CANBERRA, Aug. 5 (Xinhua) -- Warming oceans are impacting the breeding patterns and habitat of marine life, effectively rearranging the broader marine landscape as species adjust to a changing climate, according to a new research statement from Australian national research body, CSIRO, on Monday.
The international team led by CSIRO's Climate Adaptation Flagship and University of Queensland marine ecologists Elvira Poloczanska and Anthony Richardson, included 19 researchers from Australia, USA, Canada, UK, Europe and South Africa. They identified more than 1,700 changes, including 222 in Australia.
According to this three-year study published Monday in Nature Climate Change, marine species are shifting their geographic distribution towards cooler regions and doing so much faster than their land-based counterparts.
Despite the ocean having absorbed 80 percent of the heat added to the global climate system, the ocean's thermal capacity has led to surface waters warming three times slower than air temperatures over land, Dr Poloczanska explained.
"The leading edge or 'front line' of a marine species' distribution is moving towards the poles at the average rate of 72 km per decade, which is considerably faster than terrestrial species moving poleward at an average of 6 km per decade," she said."This is despite sea surface temperatures warming three times slower than land temperatures."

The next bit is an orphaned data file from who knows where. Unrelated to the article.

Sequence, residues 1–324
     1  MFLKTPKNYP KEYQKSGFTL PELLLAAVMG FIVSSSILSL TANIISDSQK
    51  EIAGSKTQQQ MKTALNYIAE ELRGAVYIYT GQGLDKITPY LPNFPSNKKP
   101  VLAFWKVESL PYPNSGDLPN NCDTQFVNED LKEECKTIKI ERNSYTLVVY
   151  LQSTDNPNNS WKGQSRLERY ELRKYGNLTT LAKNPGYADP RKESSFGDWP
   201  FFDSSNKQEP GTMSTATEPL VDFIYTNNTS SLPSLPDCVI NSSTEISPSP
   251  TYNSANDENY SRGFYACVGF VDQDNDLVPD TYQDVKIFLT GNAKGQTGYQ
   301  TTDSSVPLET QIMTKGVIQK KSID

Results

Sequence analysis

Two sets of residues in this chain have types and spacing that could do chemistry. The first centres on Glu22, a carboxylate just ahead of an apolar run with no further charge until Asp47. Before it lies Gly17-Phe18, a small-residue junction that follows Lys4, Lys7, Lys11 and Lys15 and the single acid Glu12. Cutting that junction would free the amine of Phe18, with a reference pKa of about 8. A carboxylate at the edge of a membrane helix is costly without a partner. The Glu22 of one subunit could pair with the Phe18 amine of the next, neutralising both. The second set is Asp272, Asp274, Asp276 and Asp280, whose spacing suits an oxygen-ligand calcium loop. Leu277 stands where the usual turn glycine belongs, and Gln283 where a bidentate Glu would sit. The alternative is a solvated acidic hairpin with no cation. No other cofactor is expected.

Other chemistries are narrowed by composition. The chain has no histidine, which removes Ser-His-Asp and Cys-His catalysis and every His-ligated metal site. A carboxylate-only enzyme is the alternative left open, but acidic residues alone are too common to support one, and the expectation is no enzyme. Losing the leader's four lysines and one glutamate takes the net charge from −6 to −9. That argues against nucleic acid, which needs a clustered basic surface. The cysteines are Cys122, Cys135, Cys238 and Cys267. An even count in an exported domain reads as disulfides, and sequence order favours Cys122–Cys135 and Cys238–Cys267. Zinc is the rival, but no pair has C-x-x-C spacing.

She said winter and spring temperatures, over both the ocean and land, are warming fastest, which might advance phenological events such as the start of growing seasons and the timing of reproduction. In addition, anthropogenic carbon dioxide uptake by the oceans is altering seawater carbonate chemistry, which can impact some marine organisms.
The research team also considered changes in species' life cycle, such as breeding times, to find these are also changing as seas warm.
In addition, although the study reported global impacts, there is strong evidence of change in the Australian marine environment.
Poloczanska said that in Australia's south-east tropical and subtropical species of fish, molluscs and plankton are shifting much further south through the Tasman Sea. In the Indian Ocean, there is a southward distribution of sea birds as well as loss of cool-water seaweeds from regions north of Perth.
"Essentially, these findings indicate that changes in life events and distribution of species indicates we are seeing widespread reorganization of marine ecosystems, with likely significant repercussions for the services these ecosystems provide to humans." She said.